Our team of professors are committed to ARU’s mission of skill development and have designed courses to challenge students’ critical thinking skills. Courses include: “Why we think what we think (about others) – An Introduction to Cognitive and Social Psychology”, “Running good research: an introduction to experimental methods”, and “Negotiations and Entrepreneurship”. Course workshops include designing projects, participatory action research, negotiations and decision-making.Additionally, we are offering a faculty training course, which will discuss mentorship and coaching, participatory action research, research grant writing, scholarly writing with use of APA, learner centered teaching approaches and report writing, and assessment development and evaluation. Our program at ARU will run from August 19th until September 1st.
Welcome back to our summer school tour! We have now arrived at our second stop, Lucknow, India. Let us introduce you to our newest partner, the Karamat Husain Muslim Girls College .
The Karamat Husain Muslim Girls College was established as a degree college in 1946 after 40 years of institutional evolution beginning as a school consisting of six girls in 1912, transforming to a high school in 1924, and upgrading Inter College in 1936 before reaching its current status. The core mission of the college is to provide young women with opportunities for skill development and empower them to confront issues, such as social sensitivity and environmental consciousness. In addition to an impressive course catalog, the Karamat Husain Muslim Girls College has a vibrant sports program featuring N.S.S, Hockey, Javelin, Badminton, Shot-put, Basketball, High Jump, Long Jump. The success of the program earned the university the opportunity to serve as the Girls Hockey Centre for the Sports Authority of India.
The program is designed to engage students in discussion surrounding communication and critical thinking skills and civil society development and will feature courses, such as “Civil Society, Social Groups and Communities”, “Raise Your Voice: Impactful Communication Skills”, and “Design Thinking”. Our program at the Karamat Husain Muslim Girls College will run for two weeks starting from the 1st of August.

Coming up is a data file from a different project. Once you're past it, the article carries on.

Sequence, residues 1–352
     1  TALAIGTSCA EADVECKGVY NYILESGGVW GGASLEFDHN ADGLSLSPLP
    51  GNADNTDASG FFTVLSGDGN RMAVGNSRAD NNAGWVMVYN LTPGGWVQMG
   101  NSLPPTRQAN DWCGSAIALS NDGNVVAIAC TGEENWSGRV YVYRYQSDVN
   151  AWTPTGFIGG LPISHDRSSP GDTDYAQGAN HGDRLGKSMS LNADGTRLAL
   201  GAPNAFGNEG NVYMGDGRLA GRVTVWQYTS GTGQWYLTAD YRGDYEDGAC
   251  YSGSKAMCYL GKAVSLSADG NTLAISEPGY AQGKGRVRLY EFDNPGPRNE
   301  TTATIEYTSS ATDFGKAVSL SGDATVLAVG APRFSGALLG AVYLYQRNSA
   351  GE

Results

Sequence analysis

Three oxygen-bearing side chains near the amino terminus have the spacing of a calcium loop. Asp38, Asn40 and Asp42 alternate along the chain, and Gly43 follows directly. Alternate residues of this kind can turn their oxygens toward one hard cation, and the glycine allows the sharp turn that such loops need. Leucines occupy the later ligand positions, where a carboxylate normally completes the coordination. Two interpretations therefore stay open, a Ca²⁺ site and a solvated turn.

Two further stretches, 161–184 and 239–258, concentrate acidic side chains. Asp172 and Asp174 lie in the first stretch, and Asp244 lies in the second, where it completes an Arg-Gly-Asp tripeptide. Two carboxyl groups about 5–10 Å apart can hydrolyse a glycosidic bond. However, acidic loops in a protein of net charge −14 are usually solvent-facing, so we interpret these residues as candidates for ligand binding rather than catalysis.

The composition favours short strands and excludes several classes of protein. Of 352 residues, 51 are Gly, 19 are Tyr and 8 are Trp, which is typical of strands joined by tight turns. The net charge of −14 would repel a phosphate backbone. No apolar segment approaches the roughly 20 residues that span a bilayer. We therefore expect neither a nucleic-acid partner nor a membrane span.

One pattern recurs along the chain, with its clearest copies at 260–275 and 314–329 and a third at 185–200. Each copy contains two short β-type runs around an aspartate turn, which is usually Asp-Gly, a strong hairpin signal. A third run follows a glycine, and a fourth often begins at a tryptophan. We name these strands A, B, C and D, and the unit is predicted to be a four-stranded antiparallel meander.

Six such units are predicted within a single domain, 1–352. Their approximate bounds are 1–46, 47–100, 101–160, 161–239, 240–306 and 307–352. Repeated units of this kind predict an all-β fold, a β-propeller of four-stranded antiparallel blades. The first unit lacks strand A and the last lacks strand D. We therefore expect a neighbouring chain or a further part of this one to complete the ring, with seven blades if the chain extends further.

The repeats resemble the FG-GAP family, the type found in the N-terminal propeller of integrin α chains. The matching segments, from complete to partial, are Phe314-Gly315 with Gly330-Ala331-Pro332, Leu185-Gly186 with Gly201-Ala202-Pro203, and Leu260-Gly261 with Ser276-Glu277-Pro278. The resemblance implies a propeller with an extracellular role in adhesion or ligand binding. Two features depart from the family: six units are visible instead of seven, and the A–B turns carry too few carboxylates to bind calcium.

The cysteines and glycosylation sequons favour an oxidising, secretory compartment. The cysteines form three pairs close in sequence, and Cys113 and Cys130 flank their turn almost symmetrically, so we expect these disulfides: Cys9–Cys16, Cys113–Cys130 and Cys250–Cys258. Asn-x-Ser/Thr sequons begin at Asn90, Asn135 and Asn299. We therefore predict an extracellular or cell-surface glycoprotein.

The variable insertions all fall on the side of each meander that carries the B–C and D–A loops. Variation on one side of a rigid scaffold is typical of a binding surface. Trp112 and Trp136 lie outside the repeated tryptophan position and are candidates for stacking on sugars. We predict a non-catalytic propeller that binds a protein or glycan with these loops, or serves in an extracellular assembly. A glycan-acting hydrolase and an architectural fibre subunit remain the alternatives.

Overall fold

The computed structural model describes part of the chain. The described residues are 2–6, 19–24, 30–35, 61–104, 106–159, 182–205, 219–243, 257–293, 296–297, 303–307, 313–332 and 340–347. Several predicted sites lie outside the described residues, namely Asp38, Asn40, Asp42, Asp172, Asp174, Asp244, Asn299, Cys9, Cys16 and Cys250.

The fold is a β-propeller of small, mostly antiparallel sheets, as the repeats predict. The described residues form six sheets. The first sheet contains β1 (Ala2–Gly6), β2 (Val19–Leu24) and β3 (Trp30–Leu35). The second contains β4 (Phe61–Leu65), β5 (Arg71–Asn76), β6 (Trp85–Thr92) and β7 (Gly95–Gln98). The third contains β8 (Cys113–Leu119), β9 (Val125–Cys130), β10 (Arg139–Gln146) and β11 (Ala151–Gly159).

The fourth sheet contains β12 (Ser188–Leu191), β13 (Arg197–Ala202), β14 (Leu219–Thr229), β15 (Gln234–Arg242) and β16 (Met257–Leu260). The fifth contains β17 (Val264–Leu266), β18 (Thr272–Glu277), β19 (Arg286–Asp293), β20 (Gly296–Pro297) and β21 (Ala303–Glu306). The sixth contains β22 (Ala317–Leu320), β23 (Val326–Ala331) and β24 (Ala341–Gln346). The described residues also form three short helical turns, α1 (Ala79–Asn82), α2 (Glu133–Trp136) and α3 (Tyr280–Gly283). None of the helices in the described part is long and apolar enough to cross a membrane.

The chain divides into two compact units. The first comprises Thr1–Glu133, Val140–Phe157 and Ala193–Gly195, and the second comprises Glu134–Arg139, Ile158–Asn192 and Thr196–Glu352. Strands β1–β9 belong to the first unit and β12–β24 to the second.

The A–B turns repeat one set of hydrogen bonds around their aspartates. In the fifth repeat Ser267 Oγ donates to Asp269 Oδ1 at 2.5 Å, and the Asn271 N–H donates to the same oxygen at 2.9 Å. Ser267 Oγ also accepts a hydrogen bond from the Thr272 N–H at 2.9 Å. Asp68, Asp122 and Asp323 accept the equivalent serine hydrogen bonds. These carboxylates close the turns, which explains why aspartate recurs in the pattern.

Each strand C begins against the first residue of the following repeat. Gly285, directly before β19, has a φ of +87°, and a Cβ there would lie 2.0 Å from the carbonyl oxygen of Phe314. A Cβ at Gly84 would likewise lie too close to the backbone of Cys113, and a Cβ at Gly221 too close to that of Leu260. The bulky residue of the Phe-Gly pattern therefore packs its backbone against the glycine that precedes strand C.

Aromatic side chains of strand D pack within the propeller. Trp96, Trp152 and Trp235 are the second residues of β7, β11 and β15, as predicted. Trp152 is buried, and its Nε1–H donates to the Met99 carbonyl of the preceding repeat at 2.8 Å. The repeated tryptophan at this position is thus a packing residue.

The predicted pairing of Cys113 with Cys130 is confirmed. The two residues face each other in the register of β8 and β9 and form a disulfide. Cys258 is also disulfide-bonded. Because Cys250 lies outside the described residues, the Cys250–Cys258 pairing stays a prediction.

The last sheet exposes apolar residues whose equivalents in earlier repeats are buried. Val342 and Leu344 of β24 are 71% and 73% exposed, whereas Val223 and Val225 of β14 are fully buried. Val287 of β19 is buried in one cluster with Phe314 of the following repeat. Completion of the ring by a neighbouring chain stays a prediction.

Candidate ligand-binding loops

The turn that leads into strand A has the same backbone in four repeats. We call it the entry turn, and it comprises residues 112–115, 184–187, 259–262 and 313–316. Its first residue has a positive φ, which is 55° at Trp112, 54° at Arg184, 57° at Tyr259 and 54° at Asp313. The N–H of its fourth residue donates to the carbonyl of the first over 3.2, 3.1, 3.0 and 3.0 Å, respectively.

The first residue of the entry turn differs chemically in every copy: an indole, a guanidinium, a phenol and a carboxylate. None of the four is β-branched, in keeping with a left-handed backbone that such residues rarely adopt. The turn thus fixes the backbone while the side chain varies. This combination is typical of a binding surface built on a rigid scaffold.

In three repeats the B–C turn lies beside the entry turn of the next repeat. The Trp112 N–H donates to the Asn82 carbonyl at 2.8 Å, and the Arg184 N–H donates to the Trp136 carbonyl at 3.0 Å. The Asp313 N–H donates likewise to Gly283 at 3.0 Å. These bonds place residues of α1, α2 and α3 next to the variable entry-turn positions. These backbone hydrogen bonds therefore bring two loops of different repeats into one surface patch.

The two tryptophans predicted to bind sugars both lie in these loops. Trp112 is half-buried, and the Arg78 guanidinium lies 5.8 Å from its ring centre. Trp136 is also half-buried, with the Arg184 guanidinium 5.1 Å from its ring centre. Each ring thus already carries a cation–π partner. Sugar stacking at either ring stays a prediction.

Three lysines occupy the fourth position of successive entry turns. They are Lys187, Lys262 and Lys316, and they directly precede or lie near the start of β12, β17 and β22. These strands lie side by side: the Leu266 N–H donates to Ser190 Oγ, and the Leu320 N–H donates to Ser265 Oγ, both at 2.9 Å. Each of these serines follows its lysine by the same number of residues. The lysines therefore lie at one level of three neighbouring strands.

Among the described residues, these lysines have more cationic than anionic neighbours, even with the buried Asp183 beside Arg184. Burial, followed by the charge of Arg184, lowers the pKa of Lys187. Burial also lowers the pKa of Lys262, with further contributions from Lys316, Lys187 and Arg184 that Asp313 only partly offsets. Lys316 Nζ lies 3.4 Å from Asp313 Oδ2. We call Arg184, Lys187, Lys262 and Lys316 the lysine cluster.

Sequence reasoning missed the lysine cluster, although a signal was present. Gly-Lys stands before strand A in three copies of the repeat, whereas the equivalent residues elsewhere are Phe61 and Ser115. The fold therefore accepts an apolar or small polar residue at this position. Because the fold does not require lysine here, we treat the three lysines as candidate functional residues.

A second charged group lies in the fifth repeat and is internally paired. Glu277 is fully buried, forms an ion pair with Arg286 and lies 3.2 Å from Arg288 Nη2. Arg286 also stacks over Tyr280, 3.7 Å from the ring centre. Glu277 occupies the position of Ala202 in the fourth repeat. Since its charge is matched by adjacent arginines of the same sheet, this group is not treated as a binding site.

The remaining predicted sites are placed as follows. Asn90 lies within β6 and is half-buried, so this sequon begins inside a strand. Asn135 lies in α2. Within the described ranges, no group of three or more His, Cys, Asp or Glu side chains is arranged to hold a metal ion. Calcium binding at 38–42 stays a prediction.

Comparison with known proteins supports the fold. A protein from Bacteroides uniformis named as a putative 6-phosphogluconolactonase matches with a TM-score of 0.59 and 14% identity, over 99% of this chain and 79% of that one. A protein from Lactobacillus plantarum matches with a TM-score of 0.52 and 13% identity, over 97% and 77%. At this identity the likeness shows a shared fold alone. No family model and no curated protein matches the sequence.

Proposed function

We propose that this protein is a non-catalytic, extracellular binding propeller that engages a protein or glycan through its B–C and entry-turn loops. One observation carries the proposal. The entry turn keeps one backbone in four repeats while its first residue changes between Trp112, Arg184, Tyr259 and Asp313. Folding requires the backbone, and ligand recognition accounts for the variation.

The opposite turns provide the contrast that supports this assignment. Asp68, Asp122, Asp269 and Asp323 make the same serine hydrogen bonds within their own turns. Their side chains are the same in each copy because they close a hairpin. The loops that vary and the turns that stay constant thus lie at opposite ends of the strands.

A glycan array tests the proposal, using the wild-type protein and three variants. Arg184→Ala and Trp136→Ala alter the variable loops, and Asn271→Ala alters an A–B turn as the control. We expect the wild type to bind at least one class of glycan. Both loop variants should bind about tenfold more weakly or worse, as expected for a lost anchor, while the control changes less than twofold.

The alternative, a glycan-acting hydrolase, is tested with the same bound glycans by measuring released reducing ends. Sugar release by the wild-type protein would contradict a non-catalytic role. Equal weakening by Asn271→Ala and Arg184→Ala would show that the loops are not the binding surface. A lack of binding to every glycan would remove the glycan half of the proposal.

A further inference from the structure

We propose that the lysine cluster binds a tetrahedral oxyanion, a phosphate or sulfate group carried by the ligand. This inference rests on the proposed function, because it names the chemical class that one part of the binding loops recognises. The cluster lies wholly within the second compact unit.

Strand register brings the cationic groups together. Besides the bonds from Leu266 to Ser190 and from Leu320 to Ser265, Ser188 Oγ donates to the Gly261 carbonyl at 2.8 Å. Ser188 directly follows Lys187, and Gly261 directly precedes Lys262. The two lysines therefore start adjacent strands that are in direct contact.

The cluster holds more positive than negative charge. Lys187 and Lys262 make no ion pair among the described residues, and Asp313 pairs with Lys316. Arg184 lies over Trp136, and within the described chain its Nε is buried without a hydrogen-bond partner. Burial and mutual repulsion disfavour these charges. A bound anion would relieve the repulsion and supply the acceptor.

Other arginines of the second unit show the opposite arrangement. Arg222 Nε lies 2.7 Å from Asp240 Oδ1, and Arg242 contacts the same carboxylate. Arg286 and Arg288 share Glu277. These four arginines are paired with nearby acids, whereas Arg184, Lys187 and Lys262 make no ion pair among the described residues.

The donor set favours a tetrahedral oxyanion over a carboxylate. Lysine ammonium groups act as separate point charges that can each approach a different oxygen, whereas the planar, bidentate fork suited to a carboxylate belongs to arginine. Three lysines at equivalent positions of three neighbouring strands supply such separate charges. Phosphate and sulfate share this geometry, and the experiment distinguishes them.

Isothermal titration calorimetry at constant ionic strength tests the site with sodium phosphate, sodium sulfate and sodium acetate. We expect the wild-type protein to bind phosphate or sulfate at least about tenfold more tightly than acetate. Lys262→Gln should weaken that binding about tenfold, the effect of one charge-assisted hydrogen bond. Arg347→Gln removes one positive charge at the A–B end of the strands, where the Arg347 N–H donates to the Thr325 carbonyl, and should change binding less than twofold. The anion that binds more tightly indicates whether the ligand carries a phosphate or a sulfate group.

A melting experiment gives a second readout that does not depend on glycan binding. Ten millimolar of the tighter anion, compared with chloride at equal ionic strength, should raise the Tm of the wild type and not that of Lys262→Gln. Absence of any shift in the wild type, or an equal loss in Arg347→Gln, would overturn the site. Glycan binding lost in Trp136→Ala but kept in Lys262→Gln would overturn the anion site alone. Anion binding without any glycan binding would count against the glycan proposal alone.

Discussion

Summer is finally upon us, which means that Prowibo’s 2018 summer school programs will be back in session soon. The 2018 Program Cycle is particularly special to us because it will mark the completion of a longstanding goal— an expansion into India. We have secured a partnership with the Karamat Husain Muslim Girls College in Lucknow, India where we will be conducting a two week program at the beginning of August. But wait, there’s more! We have expanded our operations in Sierra Leone through our new partnership with the Institution of Public Administration and Management in Freetown. With all of these incredible expansions, we wanted to give a virtual tour of what we have in store for this summer, so our readers, supporters and donors can share in our excitement for what is going to be a great summer! This is the first of a four part series introducing our 2018 summer schools.
We will begin our tour in Freetown, Sierra Leone, the home of our pilot summer school program. Here we will meet two of our partner colleges—Fourah Bay College and the Institution of Public Administration and Management.
Fourah Bay College (FBC) was founded in 1827 in Freetown, Sierra Leone. This historic institution was the first modern higher education institution in sub-Saharan following the decline of Timbuktu. Sometimes referred to as the Athens of West Africa, FBC is an affiliated body of the University of Sierra Leone and offers degrees in the departments of of the Arts, Engineering and Architecture, Pure and Applied Sciences, Social Sciences and Law.
The Institution of Public Administration and Management (IPAM) was founded in 1980 in Freetown, Sierra Leone and, like FBC, it is affiliated with the University of Sierra Leone. IPAM provides students with a well-rounded list of degrees, offering courses in banking and finance, accounting, information systems and technology, business administration, entrepreneurship and governance and leadership. Additionally, IPAM has made strides to democratise higher education in Sierra Leone, by expanding its campus beyond Freetown into the city of Kenema in 2017.
The course catalog will include: “Implementing Community Interventions”, “Peace in Pieces: unpacking decision-making in interventions”,“An Introduction to financial and economic challenges of Africa”. We will also offer workshops on: IT skills and literacy, cover letter and resume building, and interview skills. In addition to our summer school programs, we will be operating a program at a local teaching hospital focusing on the management and containment of infectious diseases. The programs at FBC and IPAM will run from July 22nd to August 5th.